In an advantageous development of the invention, the grip switch has a grip button that is locked to prevent actuation if the handle element is not in one of the predefined angular positions and snap-locked to the motor housing.
This prevents the power tool from being switched on if the handle element is not in a stable position with reference to the motor housing, thus preventing inadvertent rotation of the handle element with respect to the motor housing while working, with the associated risk of accident.
According to a further embodiment of the invention, there is provided on the motor housing a central annular flange in which radial recesses are provided into which a projection of a locking lever, mounted pivotably and preloaded into an immobilization position, can snap-lock in each of the respective predefined angular positions.
This results in a particularly simple immobilization capability for the handle element in the predefined angular positions on the motor housing, and moreover yields a particularly space-saving construction. The result is to prevent the handle element from rotating unintentionally. If a rotation of the handle element into a different angular position with respect to the motor housing is desired, it is instead necessary first to press down the locking button, whereupon the handle element can then be rotated with respect to the motor housing until the locking button once again engages, in one of the predefined angular positions, into one of the radial recesses on the motor housing and locks the handle element to prevent further rotation with respect to the motor housing.
In an additional development of the invention, there is additionally fastened on the handle element, pivotably on a pivot shaft, an immobilization lever that has a first part, protruding from the pivot shaft toward the motor housing and configured as a pushbutton, at whose outer end is configured a projection that can be introduced into one of the recesses of the flange; and that has a second part, protruding from the pivot shaft approximately at right angles to the first part, that coacts with the grip button of the grip switch in such a way that the grip button can be pushed in to switch on the motor only if the pushbutton has previously been transferred into an activation position by being pressed in, so that the projection of the immobilization lever engages into one of the radial recesses on the annular flange of the motor housing.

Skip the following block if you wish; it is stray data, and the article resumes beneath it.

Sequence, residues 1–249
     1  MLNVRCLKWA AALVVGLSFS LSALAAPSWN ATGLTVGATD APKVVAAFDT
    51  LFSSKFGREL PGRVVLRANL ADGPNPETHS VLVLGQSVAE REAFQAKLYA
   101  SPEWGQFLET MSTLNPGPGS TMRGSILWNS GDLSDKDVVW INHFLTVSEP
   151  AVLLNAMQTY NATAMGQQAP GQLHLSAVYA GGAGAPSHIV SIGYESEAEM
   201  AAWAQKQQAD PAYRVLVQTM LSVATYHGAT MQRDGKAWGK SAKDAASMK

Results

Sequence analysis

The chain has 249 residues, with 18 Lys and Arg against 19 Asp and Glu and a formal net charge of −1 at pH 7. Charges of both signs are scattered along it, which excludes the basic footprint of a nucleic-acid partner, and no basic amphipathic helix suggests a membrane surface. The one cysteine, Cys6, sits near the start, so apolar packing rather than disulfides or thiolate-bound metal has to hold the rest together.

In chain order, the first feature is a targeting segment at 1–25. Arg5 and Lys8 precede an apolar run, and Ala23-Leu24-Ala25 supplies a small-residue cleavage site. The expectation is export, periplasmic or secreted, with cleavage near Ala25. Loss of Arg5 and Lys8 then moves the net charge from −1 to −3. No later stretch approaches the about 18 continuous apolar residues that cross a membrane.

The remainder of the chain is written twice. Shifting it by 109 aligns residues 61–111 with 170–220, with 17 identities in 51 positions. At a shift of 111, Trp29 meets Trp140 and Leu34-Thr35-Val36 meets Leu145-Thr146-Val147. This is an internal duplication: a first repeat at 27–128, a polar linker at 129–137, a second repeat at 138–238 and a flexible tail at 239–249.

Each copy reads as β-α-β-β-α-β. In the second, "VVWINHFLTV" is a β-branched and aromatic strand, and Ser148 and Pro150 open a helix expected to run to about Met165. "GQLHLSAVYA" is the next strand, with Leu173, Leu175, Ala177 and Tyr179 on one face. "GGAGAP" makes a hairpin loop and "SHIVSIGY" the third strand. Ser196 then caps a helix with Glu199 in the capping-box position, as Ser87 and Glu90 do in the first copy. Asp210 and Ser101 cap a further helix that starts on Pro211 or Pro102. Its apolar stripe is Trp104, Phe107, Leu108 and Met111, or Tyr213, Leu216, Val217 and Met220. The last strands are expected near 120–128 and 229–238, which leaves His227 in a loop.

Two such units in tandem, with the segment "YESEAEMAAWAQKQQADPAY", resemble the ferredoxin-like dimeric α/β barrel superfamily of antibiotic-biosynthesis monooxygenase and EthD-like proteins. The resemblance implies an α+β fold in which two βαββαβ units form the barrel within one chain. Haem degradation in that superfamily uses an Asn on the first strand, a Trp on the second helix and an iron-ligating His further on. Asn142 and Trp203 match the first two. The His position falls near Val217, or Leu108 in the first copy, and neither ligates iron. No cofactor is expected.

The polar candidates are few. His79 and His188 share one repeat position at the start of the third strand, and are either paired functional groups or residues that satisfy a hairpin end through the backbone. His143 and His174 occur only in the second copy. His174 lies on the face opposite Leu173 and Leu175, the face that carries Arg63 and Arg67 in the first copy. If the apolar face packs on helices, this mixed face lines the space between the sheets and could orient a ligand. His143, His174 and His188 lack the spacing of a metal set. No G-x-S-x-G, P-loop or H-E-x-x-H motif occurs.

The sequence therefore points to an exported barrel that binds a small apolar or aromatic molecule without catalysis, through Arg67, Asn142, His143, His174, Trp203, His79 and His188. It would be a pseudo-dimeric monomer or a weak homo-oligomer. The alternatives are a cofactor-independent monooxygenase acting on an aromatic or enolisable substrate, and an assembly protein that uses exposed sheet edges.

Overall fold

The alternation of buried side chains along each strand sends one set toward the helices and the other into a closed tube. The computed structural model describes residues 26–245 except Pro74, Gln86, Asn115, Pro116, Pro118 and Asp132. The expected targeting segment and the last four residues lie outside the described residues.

In this fashion, unintentional activation of the right-angle grinder when the grip switch is grasped is avoided with simple means. A user must first push down the pushbutton before he or she can actuate the grip button of the grip switch.
In an additional development of this embodiment, the grip button is fastened pivotably at the end of the handle element facing away from the motor housing and preloaded against a movement into an activation position to switch on the motor, and has at its free end a web that, in a catch position when the pushbutton is not pushed in, stops against a projection on the second part of the immobilization lever so as to prevent actuation of the grip button to switch on the motor.
In an additional development of this embodiment, when the pushbutton is pushed in, the grip button is movable against a spring force past the projection into the activation position in order to switch on the electric motor, the web on the grip button coacting with the second part of the immobilization lever in order to prevent the latter from moving out of the activation position of the pushbutton.
This ensures that the pushbutton needs to be pushed in only once as work begins, and then, once the grip switch has been actuated, the pushbutton remains in its activation position, resulting in a continuous operation position. When the grip button is then released, the immobilization lever then allows the grip button to disengage so that thereafter the pushbutton must first be pressed again before the grip switch can be reactivated.
According to a further embodiment of the invention, the motor housing has, on its side facing toward the handle element, a central cylindrical stem having a leadthrough for the passage of cables that passes through the annular flange; inwardly protruding webs, which are guided on the outer surface of the stem and in a cavity between the annular flange and an end face of the motor housing, are provided on the handle element.
This feature guarantees good guidance of the handle element on the motor housing, and ensures easy rotatability with little friction. Simple and economical producibility is also ensured, especially if the handle element comprises two housing shells that can be assembled.
In an additional development of the invention, the handle element has no ventilation slots.
This has the advantage that the sensitive grip switch is not exposed to any contamination due to the penetration of dirt particles. Ventilation slots can instead be provided, for example, in the motor housing.
It is understood that the features mentioned above and those yet to be explained below can be used not only in the respective combinations indicated, but also in other combinations or in isolation, without leaving the context of the present invention.